Marvelous pocket diary for horse lovers, illustrated with 13 etched and stippled-engraved plates of horses (one folding), plus two additional line-engraved plates. F.M.F. Bouvinghausen—equerry, chamberlain, major-general, and chief of the hussars in the regiment of the Duke of Württemberg—wrote a handful of veterinary treatises before 1790, but is best known for his series of horse-themed almanacs, published at Tübingen from 1792-1802. The Taschenkalender is divided into several sections, some of which address the sporting-horse markets in England (Newmarket), France, and Germany, and the tradition of Jewish horse breeders. Other sections discuss equine health, bits, bridles, saddles, and costumery. The second half of the almanac is a detailed genealogy of the major European royal lines, and was probably not the work of Bouvinghausen. Perhaps the most interesting feature of our book is the engraving accompanying the month of March, which illustrates a horse mounted with a uniformed rider, behind whom is seated a woman of color in a white dress, holding a pair of gloves in one hand. There is no expository text accompanying the compelling engraving—just a list of evidently random German nouns. A most engaging and well-produced equine almanac, of which only a single example from the entire series can be found in any American library—a 1792 edition at Texas A&M.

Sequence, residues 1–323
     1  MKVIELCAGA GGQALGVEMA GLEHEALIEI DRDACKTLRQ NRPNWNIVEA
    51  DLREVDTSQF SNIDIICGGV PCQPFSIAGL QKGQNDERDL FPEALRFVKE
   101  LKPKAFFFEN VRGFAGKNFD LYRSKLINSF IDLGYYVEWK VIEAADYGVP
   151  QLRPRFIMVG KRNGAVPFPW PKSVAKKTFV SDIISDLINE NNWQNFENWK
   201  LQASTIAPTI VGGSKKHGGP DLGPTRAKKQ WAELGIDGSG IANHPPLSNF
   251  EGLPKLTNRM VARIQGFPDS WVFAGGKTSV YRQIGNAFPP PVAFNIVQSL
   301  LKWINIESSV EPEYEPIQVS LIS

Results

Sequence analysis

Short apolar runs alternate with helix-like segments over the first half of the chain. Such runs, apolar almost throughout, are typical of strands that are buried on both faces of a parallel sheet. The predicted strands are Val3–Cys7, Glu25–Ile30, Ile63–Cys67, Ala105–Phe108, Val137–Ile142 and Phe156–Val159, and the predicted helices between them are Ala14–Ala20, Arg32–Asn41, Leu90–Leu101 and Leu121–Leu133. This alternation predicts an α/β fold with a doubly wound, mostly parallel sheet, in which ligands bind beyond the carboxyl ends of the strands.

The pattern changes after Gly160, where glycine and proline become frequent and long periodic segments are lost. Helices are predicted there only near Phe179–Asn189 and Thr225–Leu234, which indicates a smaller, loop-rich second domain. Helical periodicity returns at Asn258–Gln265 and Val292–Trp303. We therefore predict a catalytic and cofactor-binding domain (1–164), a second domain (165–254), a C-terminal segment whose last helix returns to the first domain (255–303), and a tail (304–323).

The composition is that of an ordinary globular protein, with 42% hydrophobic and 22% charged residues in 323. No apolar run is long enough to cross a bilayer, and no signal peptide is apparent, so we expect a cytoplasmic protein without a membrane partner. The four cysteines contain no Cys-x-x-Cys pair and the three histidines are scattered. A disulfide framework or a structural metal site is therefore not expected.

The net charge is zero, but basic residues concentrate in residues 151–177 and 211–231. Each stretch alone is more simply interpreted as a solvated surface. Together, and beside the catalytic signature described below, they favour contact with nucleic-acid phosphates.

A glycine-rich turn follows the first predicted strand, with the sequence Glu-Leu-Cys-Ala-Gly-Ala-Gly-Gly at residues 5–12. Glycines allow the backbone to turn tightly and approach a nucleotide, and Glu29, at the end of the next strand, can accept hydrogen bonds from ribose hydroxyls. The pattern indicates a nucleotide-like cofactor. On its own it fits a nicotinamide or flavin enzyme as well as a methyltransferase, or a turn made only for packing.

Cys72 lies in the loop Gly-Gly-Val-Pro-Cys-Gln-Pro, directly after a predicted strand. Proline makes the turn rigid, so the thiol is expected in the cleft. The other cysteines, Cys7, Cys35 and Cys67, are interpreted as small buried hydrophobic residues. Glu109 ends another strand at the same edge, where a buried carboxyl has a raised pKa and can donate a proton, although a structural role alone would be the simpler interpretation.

Tübingen: J.G. Cotta’schen, 1799.
16mo in eights, 114 x 78 x 14 mm. , 80, , 96, plus 15 plates (one folding). Bound in publisher's printed boards. Some wear and soiling to extremities, text block falls open at center, with corresponding crease in spine; minor foxing to a few leaves; last leaf with small tear in gutter margin. A clean and pleasing exemplar, with all plates in sharp and crisp impressions.